Silence speaks volumes and actions speak louder than words. People can say whatever they want, but words mean nothing.
Tuesday was the 79th anniversary of the Warsaw Ghetto Uprising. When the world turned its back on Europe’s Jews, it gave the Nazis carte blanche permission to persecute, starve, torture, and murder my Jewish brethren. The only way we could survive is if we saved ourselves. It was a f*ck you to those who decided that we were not worth fighting for.
In the years since then, Jews (and Israel by extension) have had to keep the figurative middle finger raised. Because once again, we have been told by actions that we should remain sheep to the slaughter.
I don’t know about anyone else, but I believe in the sacredness of the sites and the holidays within my faith. Earlier today, militant Palestinians decided that one of the holiest sites in Islam, the Al-Aqsa Mosque in Jerusalem, was to be used not as a site of prayer, but of a battle. This is during Ramadan, which I think deserves a little more respect. Not only did they attempt to physically destroy the building, but they used it as a base to attack innocent people.
In my mind, that is akin to Jewish worshippers destroying the Western Wall during Yom Kippur to spite our neighbors. It is something I cannot comprehend.
Given that the basic concept of Jewish history is that we are still here despite many attempts at assimilation and extermination, I personally think that it’s time to not give a shit. If living means fighting for ourselves when no one else will, so be it.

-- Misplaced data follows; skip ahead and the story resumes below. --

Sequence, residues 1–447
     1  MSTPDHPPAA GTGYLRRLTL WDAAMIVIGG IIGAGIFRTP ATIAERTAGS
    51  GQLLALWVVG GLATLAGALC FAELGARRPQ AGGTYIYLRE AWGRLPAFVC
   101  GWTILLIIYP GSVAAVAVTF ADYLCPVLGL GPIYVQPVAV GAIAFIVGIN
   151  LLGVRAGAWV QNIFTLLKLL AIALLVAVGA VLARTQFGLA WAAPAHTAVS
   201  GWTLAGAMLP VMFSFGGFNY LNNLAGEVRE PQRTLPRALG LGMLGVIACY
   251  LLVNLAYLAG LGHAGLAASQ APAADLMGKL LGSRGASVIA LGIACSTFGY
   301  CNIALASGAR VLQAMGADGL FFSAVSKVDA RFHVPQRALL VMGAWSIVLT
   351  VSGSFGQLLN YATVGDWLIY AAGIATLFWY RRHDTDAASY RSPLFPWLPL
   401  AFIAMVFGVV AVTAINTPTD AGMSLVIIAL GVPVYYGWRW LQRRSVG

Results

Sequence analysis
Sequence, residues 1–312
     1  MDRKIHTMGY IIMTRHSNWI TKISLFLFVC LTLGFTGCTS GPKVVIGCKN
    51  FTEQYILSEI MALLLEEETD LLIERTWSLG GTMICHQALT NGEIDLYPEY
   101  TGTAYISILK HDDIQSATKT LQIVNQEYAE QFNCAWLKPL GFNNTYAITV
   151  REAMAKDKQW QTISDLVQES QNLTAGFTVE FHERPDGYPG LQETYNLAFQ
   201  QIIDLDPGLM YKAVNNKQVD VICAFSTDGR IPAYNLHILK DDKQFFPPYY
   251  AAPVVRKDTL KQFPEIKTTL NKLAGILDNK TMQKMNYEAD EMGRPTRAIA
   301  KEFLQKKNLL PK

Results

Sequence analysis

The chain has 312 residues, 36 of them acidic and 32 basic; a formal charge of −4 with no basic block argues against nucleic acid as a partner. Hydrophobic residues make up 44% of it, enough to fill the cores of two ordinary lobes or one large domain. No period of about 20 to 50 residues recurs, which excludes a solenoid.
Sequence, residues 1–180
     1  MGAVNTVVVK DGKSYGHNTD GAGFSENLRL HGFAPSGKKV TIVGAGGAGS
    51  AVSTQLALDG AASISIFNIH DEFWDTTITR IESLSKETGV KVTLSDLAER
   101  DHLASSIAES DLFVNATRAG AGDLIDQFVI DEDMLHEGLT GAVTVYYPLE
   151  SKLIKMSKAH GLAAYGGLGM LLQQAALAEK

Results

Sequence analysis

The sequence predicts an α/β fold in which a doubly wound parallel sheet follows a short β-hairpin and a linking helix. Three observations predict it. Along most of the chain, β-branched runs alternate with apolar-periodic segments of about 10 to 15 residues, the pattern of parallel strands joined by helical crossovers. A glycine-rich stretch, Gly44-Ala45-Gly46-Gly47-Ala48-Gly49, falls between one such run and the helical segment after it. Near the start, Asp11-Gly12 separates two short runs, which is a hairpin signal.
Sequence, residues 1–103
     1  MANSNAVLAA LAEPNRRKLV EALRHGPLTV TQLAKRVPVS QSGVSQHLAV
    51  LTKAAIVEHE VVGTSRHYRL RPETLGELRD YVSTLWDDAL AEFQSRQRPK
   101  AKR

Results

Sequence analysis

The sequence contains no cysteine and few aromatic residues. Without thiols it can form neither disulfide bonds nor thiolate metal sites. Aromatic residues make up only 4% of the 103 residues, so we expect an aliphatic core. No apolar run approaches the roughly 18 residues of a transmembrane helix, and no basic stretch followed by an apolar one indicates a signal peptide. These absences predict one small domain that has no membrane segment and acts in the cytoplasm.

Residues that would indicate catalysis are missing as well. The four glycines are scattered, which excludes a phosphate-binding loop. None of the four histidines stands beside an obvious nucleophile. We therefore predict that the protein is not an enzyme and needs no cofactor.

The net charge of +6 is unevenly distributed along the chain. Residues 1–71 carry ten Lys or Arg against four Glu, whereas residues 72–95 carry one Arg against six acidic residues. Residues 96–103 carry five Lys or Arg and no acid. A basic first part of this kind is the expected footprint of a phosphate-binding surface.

The 2001 television movie, Uprising, is the story of the fight by the ghetto’s inhabitants against their oppressors. Starring David Schwimmer, Hank Azaria and Leelee Sobieski, the narrative tells the story of how Jews, crammed into the old slum of Warsaw, fought back against the Nazis for a month in 1943.
I think that this movie is important to watch. It’s important because not only does it dispel the myth that Europe’s Jews were mere lambs to the Nazi slaughter, it also is the story of how a small band of people can fight against tyranny, prejudice and murder.
Sometimes, in the heat of the war, the one thing that keeps us alive is music.
Władysław Szpilman was one of the most respected pianists in Europe in the years leading up to World War II. He was also Jewish.
His story of survival in the face overwhelming atrocities is explored in the 2002 award-winning film, The Pianist. Adrien Brody plays the title character. The movie starts with Władysław Szpilman forced into The Warsaw Ghetto with his family and thousands of other Jews. As the noose begins to tighten around the residents of the ghetto, he knows that his music maybe the only thing keeping him alive.
The Pianist stands out as a Holocaust film because of the music. The music reminds both the main character and the audience that even in the face of unmistakable evil and tragedy, if we can find one thing to remind us of our humanity, then there is hope. The music is the sliver of hope and light in the face of the darkness that is World War II and The Holocaust.